Marion Blumenthal Lazan's family fled to Holland during Hitler's rise to power, but the boats that would have taken them to safety in America were sunk by the Nazis, and Blumenthal Lazan spent the next six years in transit and concentration camps, including Bergen-Belsen in Germany. Though her entire family survived World War II, her father died of typhus soon after the family's release.
Since 1979, she has been sharing her insights and experiences in lecture halls and classrooms to raise awareness of the Holocaust. Wednesday, Jan. 30, at 7 p.m., she'll share, along with plenty of anecdotes, her insights into perseverance, the power of creativity, the importance of being true to one's self and the necessity of accepting others at the behest of the Eagle High School History Club through a grant from the Idaho Humanities Council.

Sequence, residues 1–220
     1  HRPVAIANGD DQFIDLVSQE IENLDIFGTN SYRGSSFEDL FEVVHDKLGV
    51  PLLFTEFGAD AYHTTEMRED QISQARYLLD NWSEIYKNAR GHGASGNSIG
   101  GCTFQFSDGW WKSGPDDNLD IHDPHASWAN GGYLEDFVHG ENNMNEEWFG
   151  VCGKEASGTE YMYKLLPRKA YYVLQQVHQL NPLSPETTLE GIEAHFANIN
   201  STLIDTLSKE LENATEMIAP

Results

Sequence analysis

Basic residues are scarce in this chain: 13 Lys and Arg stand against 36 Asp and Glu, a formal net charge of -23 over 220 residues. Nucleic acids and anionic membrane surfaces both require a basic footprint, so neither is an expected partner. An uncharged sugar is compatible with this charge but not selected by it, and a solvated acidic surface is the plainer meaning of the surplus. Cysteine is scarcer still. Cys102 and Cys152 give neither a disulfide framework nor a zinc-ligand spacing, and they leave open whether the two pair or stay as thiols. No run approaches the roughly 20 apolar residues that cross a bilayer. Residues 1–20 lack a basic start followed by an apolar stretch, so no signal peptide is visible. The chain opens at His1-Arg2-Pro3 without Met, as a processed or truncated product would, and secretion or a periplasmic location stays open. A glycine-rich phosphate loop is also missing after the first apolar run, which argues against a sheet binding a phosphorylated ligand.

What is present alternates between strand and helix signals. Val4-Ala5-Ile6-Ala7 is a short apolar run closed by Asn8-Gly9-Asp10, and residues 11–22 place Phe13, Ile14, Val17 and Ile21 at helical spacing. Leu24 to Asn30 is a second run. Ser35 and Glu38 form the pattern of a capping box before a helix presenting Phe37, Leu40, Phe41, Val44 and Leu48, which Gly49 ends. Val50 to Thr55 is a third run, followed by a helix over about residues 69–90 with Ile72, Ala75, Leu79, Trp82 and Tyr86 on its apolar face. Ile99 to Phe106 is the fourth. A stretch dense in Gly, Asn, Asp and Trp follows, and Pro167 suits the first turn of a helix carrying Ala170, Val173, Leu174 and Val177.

Blumenthal Lazan's story of survival in Nazi-occupied Europe, which is the subject of her memoir Four Perfect Pebbles, PBS documentary Marion's Triumph and a two-act musical, is full of life lessons about overcoming hardship, and, according to the Eagle High School History Club, shares it with children "so that they will recognize the horrors of this period in world history."
"We are the last generation given the honor of hearing first-hand from a survivor," said the History Club in a press release.
The presentation runs 45 minutes and concludes with a question and answer session.